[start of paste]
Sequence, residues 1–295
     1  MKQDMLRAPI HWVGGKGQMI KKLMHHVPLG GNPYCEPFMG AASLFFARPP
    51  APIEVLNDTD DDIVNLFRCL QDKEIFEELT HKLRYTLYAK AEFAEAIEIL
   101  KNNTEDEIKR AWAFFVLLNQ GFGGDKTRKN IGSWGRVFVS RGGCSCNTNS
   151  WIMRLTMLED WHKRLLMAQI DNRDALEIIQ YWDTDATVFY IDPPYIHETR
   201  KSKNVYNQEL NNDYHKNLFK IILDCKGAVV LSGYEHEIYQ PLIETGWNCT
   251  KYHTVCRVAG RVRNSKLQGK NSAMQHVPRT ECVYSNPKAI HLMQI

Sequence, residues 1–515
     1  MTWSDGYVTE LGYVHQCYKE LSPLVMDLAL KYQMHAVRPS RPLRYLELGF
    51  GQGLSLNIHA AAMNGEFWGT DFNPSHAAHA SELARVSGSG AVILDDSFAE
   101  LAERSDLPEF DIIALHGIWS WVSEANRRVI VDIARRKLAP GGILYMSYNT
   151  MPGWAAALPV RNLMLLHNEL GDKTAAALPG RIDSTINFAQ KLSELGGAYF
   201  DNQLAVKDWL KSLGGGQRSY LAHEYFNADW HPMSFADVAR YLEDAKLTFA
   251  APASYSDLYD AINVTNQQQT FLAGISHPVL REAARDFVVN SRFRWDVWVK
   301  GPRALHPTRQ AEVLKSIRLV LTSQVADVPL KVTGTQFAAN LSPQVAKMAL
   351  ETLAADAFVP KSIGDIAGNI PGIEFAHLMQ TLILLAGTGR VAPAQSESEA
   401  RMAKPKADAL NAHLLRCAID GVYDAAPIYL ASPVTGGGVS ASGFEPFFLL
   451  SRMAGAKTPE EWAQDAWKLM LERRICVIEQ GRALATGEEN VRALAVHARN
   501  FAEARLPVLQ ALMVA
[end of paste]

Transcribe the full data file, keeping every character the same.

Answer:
Sequence, residues 1–295
     1  MKQDMLRAPI HWVGGKGQMI KKLMHHVPLG GNPYCEPFMG AASLFFARPP
    51  APIEVLNDTD DDIVNLFRCL QDKEIFEELT HKLRYTLYAK AEFAEAIEIL
   101  KNNTEDEIKR AWAFFVLLNQ GFGGDKTRKN IGSWGRVFVS RGGCSCNTNS
   151  WIMRLTMLED WHKRLLMAQI DNRDALEIIQ YWDTDATVFY IDPPYIHETR
   201  KSKNVYNQEL NNDYHKNLFK IILDCKGAVV LSGYEHEIYQ PLIETGWNCT
   251  KYHTVCRVAG RVRNSKLQGK NSAMQHVPRT ECVYSNPKAI HLMQI

Sequence, residues 1–515
     1  MTWSDGYVTE LGYVHQCYKE LSPLVMDLAL KYQMHAVRPS RPLRYLELGF
    51  GQGLSLNIHA AAMNGEFWGT DFNPSHAAHA SELARVSGSG AVILDDSFAE
   101  LAERSDLPEF DIIALHGIWS WVSEANRRVI VDIARRKLAP GGILYMSYNT
   151  MPGWAAALPV RNLMLLHNEL GDKTAAALPG RIDSTINFAQ KLSELGGAYF
   201  DNQLAVKDWL KSLGGGQRSY LAHEYFNADW HPMSFADVAR YLEDAKLTFA
   251  APASYSDLYD AINVTNQQQT FLAGISHPVL REAARDFVVN SRFRWDVWVK
   301  GPRALHPTRQ AEVLKSIRLV LTSQVADVPL KVTGTQFAAN LSPQVAKMAL
   351  ETLAADAFVP KSIGDIAGNI PGIEFAHLMQ TLILLAGTGR VAPAQSESEA
   401  RMAKPKADAL NAHLLRCAID GVYDAAPIYL ASPVTGGGVS ASGFEPFFLL
   451  SRMAGAKTPE EWAQDAWKLM LERRICVIEQ GRALATGEEN VRALAVHARN
   501  FAEARLPVLQ ALMVA